Still, the gay ire apparently stung the Obama team. Yesterday, Obama, seeking to make nice with the gay community (a vocal, well-organized, and well-heeled faction within the liberal base), sought to revise his approach to the DOMA lawsuit. In new court papers filed yesterday, his Justice Department lawyers made it clear that they're still seeking the dismissal of the DOMA lawsuit...but this time, they're essentially saying that they feel rotten about doing it.

The Obama lawyers say in their new brief that they're obligated to defend the laws enacted by Congress, regardless of whether the president agrees with the laws on policy grounds. And page two of the brief makes it clear that Obama does not agree with DOMA on policy grounds:

"With respect to the merits, this Administration does not support DOMA as a matter of policy, believes that it is discriminatory, and supports its repeal. Consistent with the rule of law, however, the Department of Justice has long followed the practice of defending federal statutes as long as reasonable arguments can be made in support of their constitutionality, even if the Department disagrees with a particular statute as a policy matter, as it does here."

The new Obama position (essentially, "we feel bad about opposing the DOMA lawsuit") has not mollified the gay community; as the Human Rights Campaign said yesterday in a statement, "While they contend that it is the DOJ's duty to defend an act of Congress, we contend that it is the administration's duty to defend every citizen from discrimination."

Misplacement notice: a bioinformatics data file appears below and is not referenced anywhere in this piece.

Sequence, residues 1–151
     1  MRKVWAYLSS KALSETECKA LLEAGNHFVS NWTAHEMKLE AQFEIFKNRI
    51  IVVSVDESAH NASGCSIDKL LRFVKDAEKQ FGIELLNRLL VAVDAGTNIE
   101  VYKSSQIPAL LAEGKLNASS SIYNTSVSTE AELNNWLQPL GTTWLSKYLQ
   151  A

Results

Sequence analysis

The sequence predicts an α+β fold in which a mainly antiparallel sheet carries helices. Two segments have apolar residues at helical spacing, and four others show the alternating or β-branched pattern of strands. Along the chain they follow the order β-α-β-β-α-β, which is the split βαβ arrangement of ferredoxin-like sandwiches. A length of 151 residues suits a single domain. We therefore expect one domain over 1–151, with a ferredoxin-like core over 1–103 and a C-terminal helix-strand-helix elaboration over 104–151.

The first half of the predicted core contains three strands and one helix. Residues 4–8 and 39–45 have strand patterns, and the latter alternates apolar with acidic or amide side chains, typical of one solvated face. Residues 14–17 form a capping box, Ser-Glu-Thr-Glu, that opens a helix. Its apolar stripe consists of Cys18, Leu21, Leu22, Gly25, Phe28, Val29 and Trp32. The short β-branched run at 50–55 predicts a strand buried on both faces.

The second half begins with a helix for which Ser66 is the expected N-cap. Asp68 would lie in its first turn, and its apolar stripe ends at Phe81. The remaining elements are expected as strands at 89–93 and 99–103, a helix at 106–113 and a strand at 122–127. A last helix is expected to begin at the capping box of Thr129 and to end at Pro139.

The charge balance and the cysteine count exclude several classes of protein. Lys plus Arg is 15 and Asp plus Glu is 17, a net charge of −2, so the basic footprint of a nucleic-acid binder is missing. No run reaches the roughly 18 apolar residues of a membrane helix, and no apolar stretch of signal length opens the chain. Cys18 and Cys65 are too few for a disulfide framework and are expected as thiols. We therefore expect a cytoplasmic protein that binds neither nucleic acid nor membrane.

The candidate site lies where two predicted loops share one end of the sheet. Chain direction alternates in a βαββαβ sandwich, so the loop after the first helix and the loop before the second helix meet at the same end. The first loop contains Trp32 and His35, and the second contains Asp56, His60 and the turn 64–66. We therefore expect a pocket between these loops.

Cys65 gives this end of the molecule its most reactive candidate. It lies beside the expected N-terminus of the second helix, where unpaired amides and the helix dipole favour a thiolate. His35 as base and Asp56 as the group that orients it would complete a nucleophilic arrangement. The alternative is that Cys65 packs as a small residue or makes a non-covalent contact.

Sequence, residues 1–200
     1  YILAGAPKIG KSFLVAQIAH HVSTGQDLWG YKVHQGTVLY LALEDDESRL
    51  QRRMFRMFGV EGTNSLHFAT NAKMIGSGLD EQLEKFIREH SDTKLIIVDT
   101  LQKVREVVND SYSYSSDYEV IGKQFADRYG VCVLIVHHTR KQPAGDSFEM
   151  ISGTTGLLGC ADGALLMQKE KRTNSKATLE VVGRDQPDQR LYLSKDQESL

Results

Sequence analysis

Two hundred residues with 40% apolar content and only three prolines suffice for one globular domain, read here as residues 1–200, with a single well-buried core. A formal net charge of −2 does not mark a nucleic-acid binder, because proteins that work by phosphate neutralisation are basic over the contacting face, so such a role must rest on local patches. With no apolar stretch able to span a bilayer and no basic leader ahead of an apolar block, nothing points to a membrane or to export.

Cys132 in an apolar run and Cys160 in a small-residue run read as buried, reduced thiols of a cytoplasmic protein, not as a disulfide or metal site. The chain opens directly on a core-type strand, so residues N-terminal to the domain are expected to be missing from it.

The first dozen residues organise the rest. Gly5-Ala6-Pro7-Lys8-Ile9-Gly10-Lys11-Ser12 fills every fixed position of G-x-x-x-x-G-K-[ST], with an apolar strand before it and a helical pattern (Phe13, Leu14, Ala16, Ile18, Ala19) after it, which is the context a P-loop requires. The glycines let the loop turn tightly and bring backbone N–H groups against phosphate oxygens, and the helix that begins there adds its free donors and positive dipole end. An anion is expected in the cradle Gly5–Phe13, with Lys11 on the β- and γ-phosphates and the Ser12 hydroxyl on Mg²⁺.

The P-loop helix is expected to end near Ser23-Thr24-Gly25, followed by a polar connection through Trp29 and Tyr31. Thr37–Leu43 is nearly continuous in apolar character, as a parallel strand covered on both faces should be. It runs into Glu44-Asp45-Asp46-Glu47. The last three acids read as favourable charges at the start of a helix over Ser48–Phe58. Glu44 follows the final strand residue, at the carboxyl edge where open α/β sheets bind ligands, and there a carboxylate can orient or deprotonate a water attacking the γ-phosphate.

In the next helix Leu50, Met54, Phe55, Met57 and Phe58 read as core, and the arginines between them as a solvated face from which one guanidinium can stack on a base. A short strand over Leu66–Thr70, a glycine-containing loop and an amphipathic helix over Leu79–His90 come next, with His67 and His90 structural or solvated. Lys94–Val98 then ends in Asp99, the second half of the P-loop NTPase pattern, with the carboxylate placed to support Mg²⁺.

But gays are in a tough position on this one, because the Obama lawyers have a valid argument. As the lawyers argued in a footnote, they want to ensure "that subsequent administrations will faithfully defend laws with which they may disagree on policy grounds." That makes a fair bit of sense. It's a cinch bet that gay leaders would be furious if a future Republican regime refused to defend a gay-friendly law in court simply because it opposed the law on policy grounds.

The solution is in the legislative realm. Obama stressed in a separate White House statement yesterday that while his lawyers feel obligated to defend DOMA in court, he personally believes that DOMA should be repealed. He said, "I have long held that DOMA prevents (gays) from being granted equal rights and benefits," and he vowed to "work with Congress" to get the law off the books.
Hence the real question: How hard will Obama really fight to get DOMA repealed?

Last I heard, he's expending a lot of political capital on health care reform, trying to finesse the public option issue and ensure that the liberals and the Blue Dogs don't gnaw each other so badly that the party splits apart. And speaking of potential party rifts, how can Obama substantively "work with Congress" to repeal DOMA without imperiling all those newbie Democratic congressmen who got themselves elected in normally Republican districts?

Hey Sal, we know that the closet circa '63 is no fun. But maybe you're lucky to have missed the slow descent from high expectations in '09.